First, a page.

On October 11 2001, the House of Lords handed down judgment on eight appeals relating to claims by banks for possession of marital homes under mortgage. In each case the security was granted by a wife to secure her husband's debts. The wives were claiming that the security was unenforceable because they had signed under the undue influence of their husbands.
The House of Lords took the opportunity to reconsider previous guidelines set out in the well-known case of Barclays Bank plc v O'Brien. Although the substance of the law set out in that case has not changed significantly, the practical steps a bank needs to take in order to ensure that its security is enforceable have now become considerably more onerous than before.
Each of the cases which was considered in this decision of the House of Lords concerned a wife who had given security for her husband's debts. In this article, for convenience, we refer to the debtor as the "husband" and the surety as the "wife". However, the principles extend to all situations where the person who grants the security is in a non-commercial relationship with the debtor. This includes all couples, whether married or unmarried, heterosexual or homosexual, and other family relationships.
The principle, which was set out in Barclays Bank plc v O'Brien and affirmed in Royal Bank of Scotland plc v Etridge is that, in such circumstances, there may be an issue of undue influence. The relationship between the debtor and the surety is such that the surety may try to claim, on attempted enforcement, that she was subjected to her husband's undue influence when granting the security. The bank should have been put on inquiry when taking the security that there was a risk of undue influence, and should have taken reasonable steps to satisfy itself that the wife's agreement to stand surety has been properly obtained. If the bank cannot show that it took reasonable steps, then the security cannot be enforced.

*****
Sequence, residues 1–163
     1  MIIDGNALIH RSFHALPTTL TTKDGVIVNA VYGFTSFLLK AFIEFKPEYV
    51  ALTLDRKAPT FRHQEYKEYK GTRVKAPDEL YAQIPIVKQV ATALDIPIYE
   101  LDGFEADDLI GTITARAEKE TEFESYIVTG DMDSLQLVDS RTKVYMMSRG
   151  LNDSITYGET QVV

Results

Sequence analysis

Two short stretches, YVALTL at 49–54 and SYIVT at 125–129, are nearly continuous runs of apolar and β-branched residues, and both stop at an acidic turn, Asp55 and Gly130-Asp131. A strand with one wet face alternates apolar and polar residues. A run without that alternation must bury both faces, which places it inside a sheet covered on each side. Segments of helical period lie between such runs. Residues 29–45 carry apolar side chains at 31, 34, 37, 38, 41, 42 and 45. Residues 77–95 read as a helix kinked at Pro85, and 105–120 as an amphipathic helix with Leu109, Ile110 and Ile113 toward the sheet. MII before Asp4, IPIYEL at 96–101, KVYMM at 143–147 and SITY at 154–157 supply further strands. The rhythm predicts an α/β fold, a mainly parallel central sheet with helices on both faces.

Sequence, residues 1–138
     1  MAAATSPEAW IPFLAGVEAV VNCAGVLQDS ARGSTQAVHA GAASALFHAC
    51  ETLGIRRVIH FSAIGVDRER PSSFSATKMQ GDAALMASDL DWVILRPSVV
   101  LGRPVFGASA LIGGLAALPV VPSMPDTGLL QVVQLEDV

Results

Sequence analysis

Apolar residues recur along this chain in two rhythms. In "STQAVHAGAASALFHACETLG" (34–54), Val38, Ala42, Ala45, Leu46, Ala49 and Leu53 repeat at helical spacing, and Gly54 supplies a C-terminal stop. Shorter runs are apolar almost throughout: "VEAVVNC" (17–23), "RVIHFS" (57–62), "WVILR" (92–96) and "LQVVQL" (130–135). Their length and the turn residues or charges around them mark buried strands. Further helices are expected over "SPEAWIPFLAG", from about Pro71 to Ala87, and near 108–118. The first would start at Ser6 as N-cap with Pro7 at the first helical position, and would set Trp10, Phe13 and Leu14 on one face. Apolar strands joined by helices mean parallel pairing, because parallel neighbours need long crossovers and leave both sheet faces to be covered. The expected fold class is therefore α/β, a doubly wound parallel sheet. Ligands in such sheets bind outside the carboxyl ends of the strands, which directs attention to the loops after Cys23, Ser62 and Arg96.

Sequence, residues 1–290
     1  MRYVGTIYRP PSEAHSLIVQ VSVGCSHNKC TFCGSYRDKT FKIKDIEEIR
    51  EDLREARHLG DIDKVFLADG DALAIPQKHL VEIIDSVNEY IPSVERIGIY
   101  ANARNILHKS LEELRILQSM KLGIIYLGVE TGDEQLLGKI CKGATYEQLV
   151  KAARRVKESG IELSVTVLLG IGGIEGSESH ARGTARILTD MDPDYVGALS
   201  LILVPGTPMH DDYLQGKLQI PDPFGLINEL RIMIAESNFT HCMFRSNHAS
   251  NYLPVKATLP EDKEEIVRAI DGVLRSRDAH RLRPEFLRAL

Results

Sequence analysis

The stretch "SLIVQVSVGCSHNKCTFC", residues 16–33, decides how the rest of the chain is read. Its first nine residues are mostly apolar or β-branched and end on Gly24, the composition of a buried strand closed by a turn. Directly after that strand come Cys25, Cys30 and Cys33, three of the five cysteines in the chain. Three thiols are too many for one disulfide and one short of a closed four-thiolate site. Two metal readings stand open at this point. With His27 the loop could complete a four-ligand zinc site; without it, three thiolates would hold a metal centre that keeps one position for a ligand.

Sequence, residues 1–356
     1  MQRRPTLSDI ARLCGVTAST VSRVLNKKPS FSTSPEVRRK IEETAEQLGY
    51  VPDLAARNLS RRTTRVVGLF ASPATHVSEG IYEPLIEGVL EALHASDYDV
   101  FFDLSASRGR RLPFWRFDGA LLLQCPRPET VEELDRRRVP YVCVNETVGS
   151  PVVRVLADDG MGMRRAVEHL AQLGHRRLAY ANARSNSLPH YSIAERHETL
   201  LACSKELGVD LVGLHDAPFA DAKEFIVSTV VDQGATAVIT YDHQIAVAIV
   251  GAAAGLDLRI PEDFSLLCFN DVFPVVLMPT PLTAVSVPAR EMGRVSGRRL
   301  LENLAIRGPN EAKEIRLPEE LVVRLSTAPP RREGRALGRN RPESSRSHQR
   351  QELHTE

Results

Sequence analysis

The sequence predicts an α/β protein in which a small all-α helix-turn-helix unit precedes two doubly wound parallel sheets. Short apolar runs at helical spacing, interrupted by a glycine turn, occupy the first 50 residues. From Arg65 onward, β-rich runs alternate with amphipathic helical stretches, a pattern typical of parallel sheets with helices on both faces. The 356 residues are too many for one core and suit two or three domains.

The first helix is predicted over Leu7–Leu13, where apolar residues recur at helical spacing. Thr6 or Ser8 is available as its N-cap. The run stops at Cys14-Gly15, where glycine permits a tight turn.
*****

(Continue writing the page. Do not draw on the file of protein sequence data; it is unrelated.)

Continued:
Since the decision in Barclays Bank v O'Brien, the normal practice has been for the bank to seek a certificate from a solicitor that the wife was independently advised of the risks she was taking when granting the security. The House of Lords in Royal Bank of Scotland plc v Etridge has now held that, for the future, this will not be sufficient.
The new guidelines require a number of steps to be taken, including in particular direct communication between the bank and the wife. The bank must inform the wife directly of the fact that the legal advice is needed as a protection to the bank to enable it to enforce the security against her in the future. The bank is also under a duty to ensure that financial disclosure about the husband's liabilities is made to the solicitor advising the wife. A number of further steps were set out in the judgment as requirements.
The practical consequences of this decision are immense, because bank lenders now need to set up internal procedures to ensure that these new, more onerous, guidelines are followed in each case where these principles of law may be an issue. Legal advice should be taken as to the procedures to be set up in order to establish that, where security is taken in such circumstances, such security is enforceable.